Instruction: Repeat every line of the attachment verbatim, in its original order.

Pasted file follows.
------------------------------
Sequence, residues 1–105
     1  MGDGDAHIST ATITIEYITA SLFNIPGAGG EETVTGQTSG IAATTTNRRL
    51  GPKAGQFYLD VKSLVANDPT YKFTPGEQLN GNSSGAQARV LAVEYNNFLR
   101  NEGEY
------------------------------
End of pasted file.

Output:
Sequence, residues 1–105
     1  MGDGDAHIST ATITIEYITA SLFNIPGAGG EETVTGQTSG IAATTTNRRL
    51  GPKAGQFYLD VKSLVANDPT YKFTPGEQLN GNSSGAQARV LAVEYNNFLR
   101  NEGEY